Early sentinel of global warming Tickell discusses how thinking changed in Europe, what needs to happen to alter US opinion
This week the “One Planet” summit meeting in Paris focused on meeting climate goals without the help of the U.S. government.
The summit comes two years after the landmark climate-change conference in Paris when 196 countries vowed to keep this century’s global temperature increase below 3.6 degrees Fahrenheit, a deal known as the Paris Agreement.
The United States is now the only nation on Earth to have rejected the global pact.
We talked to Sir Crispin Tickell (pictured above), a British diplomat, environmentalist and academic, and Distinguished Sustainability Fellow in Arizona State University’s Julie Ann Wrigley Global Institute of Sustainability.
In Britain, Tickell is influential on environmental issues. He argued in a 1977 book — “Climatic Change and World Affairs” — that mandatory international pollution control would eventually be necessary. He was credited by then-Prime Minister Margaret Thatcher for persuading her to make a speech on global climate change to the Royal Society in September 1988.
Question: What do you think could have been done differently in this country?
Answer: I think if U.S. presidents had been ready to recognize what is happening, and to say so, it would have been very helpful. Obama was quite good on it. He acknowledged it. The science is fairly unequivocal. It’s very clear that’s what’s going on. What is not so clear is what happens in different parts of the world. The Chinese are suffering from a good deal of unexpected change. Indians likewise. The British too and the Americans likewise. But I think it’s a question of how you present it. There are people in the United States who resent the whole thing and reject it all. There are very few people like that in Britain at the moment.
Q: What is your advice on how to turn this situation around?
A: I think you need to have some political strength. Obama is probably going to go on saying what he’s saying, but if other politicians could articulate what they think is going on, it would be helpful. We need a bit of political leadership. We had it originally in Britain from Margaret Thatcher, with whom I used to work quite closely. The current government sits it all out quite clearly. At the moment it’s not contentious. It’s just accepted as part of the natural changes taking place. Of course people are thinking about what we ought to do about it. That’s different; whether we should introduce new taxes on motor vehicles, how we could cope with excessive carbon, that kind of thing is just very tricky.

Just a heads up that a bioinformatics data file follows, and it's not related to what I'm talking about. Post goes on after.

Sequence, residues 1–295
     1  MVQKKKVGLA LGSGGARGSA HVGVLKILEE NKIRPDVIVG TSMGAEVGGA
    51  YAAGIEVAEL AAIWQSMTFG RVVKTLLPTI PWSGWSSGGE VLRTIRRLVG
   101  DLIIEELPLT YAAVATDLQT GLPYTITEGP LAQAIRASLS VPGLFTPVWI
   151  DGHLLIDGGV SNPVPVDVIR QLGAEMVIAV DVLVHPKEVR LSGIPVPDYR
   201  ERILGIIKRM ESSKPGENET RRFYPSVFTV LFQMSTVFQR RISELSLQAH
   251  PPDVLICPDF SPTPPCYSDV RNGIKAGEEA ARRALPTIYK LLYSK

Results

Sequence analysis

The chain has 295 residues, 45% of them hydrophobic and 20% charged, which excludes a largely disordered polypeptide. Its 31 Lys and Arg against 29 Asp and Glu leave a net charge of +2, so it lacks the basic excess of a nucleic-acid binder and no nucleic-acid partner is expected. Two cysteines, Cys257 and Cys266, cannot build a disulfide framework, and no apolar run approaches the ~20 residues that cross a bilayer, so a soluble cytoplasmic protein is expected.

Q: Do you think the world can be saved from this?
A: Oh yes, I think so. If we are not able to stick to the targets of reducing carbon content in the atmosphere according to those set by the Paris meeting, I think we should all suffer. ... It’d just be very uncomfortable and very inconvenient. The hotter it warms and the more eccentric the behavior, the more people want to do something about it, but that hasn’t happened so much yet. It’s happened a bit — but not yet on any real scale. You need a bit of help from the environment before you can persuade everyone they’ve got to do something about it, especially if it’s something inconvenient, like cutting this or cutting that.
Q: An article this week reported that the Government Accountability Office, which is kind of like a watchdog for Congress, came out and said that the cost of cleaning up after disasters has been more than $350 billion over the past 10 years. We’re a capitalist country — nothing speaks so strongly as the almighty dollar. Do you think people will sit up and pay attention when it continues to cost us billions of dollars because of natural disasters?
A: I think politicians should take a grip and explain clearly to people in language they can understand what is happening and what has to be done about it, and what it will be necessary to do if nothing is done sooner rather than later. It’s a long-term process and very difficult to say at what point it becomes indispensable, but it certainly is becoming indispensable. Different parts of the United States are suffering increasingly from change, whatever it may be.
Top photo by Charlie Leight/ASU Now